Gringo – Story of a Junkie
When Gringo screened at the Berlinale in 1985, I was 13 years old, give or take. Not only did I not know of the film or its director, I also had no idea about the world it was recounting, the Lower East Side of New York. To a European kid from the suburbs such as myself, New York meant skyscrapers and Woody Allen. Walter Hill’s epic The Warriors (1979) was the only trip allowed to the underground. If I had been given the chance to see Gringo, I do not know how I would have responded to the close-ups of the needle dangling from John Spacely’s arm. I would have rejected it, I tell myself. Or perhaps not, because there is a certain romantic spirit in the film, in spite of its totally honest outlook. This is the result of how director Lech Kowalski introduces the biography of a young boy who grew up too fast, or of a filming technique that brought a live portrait into the territory of fiction, with lights that emphasise close-ups. Although it’s the outcome of a three-month long shoot that was planned down to the very last shot, with coached dialogue, Gringo is an extremely vivid slice of life on certain streets, in specific houses, over a given period of time. You can feel the city pulsating beneath the skateboard wheels, you can smell the Latin food, the subway smoke coming out of the manholes on the street, the burning of the spoon used to melt heroin. In a time when documentary and fiction belonged to distinct realms, the freedom with which Kowalski mixes them must have been a startling experience. The freedom of being wherever he liked, of using interviews, old pictures, frontal close-ups that address us directly, and combining them with achingly beautiful establishing shots is what struck me the first time I came across one of his films. It was November 2002 and I was attending the International Documentary Film Festival Amsterdam for the first time, eager to get better acquainted with the territory that was opening up between fiction and documentary, like a chasm.
On Hitler’s Highway (2002), a journey to the remote Polish countryside in search of what is left of post-Communist humanity, struck me on account of its matter-of-fact style and the choice of filming everyone, young and old, as though they were partners in a Sunday getaway. After the screening and the customary Q&A, I was in the queue to exchange a few words with that director who had long greying hair and a punk aura that went against his smiling demeanour. More than my clumsy phrases, I think it was my expression, somewhere in between enthusiastic and lost, that caught his eye. From that moment on, the encounters with Lech (and his partner and producer Odile Allard) multiplied over the years: in Alba, where they were invited to present their films; at the Festival dei Popoli in Florence; in Paris, where they live; and in Venice, for the screening of Lech’s most personal, purest and most painful film, East of Paradise (2005), the story of his mother’s protracted escape at the end of World War II. Two years later, in the summer of 2007, we managed to bring a film by this independent and isolated director to Locarno, in the Piazza Grande, putting the largest screen in Europe at the disposal of a project conceived as a happening. Winners and Losers (2007) is the ensemble picture of the soccer World Cup final between France and Italy, a film made by multiple people, outlandish and funny. In between East of Paradise and Winners and Losers, between the intimacy of a private story and the collective joy and sadness of a ball game, lies the true sense of this filmmaker who still wears the leather jacket he had as a boy and with it a desire to test himself, by choosing the road not taken.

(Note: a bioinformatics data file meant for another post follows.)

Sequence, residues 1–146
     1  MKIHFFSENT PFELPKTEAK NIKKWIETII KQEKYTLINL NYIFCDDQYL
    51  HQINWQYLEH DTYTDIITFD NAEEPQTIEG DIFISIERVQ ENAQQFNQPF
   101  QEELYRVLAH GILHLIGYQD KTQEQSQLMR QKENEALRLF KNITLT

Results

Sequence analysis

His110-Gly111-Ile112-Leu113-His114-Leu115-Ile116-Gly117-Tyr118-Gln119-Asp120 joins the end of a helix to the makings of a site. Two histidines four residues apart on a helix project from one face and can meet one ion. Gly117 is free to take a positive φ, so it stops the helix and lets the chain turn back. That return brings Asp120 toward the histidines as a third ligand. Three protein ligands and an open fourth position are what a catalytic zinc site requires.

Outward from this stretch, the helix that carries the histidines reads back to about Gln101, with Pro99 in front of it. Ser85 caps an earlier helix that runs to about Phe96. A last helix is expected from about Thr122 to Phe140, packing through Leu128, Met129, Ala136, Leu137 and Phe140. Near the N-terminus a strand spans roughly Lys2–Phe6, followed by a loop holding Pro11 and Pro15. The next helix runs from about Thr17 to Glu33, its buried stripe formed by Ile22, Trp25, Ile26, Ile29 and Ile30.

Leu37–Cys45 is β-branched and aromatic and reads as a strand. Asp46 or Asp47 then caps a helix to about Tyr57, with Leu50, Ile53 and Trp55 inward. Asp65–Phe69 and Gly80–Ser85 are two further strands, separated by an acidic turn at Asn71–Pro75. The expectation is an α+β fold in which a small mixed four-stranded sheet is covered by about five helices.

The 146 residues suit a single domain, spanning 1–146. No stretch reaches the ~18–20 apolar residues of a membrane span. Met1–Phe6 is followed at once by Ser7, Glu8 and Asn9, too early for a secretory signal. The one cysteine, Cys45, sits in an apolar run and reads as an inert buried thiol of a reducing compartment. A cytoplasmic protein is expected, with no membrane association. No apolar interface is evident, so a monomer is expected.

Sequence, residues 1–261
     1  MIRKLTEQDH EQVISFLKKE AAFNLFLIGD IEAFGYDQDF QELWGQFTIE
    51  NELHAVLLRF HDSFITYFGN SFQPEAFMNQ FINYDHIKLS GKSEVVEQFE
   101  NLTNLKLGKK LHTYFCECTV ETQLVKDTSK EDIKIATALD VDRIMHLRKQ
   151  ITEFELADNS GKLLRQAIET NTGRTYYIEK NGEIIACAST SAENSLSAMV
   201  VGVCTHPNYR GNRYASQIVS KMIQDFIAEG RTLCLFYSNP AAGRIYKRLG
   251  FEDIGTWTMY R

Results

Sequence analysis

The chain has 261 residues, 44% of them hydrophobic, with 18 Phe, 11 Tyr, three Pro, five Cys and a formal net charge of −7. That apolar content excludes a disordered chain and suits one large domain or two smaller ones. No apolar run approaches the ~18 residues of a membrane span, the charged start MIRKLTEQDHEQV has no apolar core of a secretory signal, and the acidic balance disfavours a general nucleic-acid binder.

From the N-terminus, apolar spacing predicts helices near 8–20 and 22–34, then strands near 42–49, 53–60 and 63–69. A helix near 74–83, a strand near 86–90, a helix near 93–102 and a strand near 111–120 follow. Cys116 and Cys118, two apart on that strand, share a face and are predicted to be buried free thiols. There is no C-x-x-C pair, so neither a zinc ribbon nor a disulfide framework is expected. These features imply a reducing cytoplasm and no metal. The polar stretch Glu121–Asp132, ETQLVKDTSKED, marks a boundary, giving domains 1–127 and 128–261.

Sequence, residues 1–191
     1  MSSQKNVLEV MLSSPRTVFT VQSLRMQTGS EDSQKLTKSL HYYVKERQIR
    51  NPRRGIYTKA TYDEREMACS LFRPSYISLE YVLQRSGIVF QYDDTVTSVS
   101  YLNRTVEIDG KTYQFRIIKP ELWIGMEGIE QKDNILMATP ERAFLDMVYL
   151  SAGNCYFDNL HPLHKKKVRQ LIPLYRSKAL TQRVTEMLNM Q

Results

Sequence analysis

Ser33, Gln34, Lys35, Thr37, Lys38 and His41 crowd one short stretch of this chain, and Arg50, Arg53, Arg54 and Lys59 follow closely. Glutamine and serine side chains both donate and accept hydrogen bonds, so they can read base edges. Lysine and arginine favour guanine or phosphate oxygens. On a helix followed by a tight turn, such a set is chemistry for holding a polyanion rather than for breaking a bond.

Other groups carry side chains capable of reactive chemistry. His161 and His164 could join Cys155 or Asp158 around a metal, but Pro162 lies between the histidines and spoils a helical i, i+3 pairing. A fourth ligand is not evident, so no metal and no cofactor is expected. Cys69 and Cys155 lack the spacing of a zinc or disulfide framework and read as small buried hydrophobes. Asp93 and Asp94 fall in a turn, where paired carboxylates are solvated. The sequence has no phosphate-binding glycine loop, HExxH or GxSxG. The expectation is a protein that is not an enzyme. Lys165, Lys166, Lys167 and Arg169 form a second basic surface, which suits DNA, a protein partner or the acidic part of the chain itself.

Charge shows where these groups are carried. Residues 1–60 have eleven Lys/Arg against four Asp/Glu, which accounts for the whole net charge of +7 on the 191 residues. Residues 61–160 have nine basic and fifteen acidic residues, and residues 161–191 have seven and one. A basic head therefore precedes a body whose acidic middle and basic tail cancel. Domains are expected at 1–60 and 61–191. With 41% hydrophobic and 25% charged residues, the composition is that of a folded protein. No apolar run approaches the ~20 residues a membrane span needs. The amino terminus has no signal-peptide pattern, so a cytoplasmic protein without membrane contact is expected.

From 2002 onwards I have also grown with Lech Kowalski’s films, the ones he made in the interim and the ones he had completed before I met him. And while those films have stood the test of time with their variety and priceless anarchy, I went down one of the many corridors that life set up for me. I went down this corridor seriously and knowingly. Now, at the halfway point, rewatching Lech Kowalski’s films is akin to a self-assessment. Gringo, for example, offers itself up as an impossible alter ego. There’s nothing of me in John Spacely, whom Lech filmed while he was still sick in the hospital, and yet the film manages to bring us close together. In that final freeze frame, where John Spacely’s terrified look is captured forever, I perceive the feeling of fleetingness that comes with every life. We’re in New York, but we could just as easily be in the suburbs of Rome a few years before, or in an obscure small town at the end of the millennium. Gringo’s strength lies in its being a film that is so manufactured it becomes natural, so sewn onto the main character’s skin that it transcends biography. Like all great directors, Lech Kowalski is a masterful builder of bridges. He constructs his own highways that go towards unadvertised destinations, places no one would want to go (war-torn Afghanistan, American suburbia at its deepest, the Poland of bootmakers, the camps of World War II…), and he has the boldness and the ability to make us dream, even for one instant, of being there, sharing the fleeting pleasure that shines in Gringo’s eyes while he rushes along on his skateboard as though he owned the city.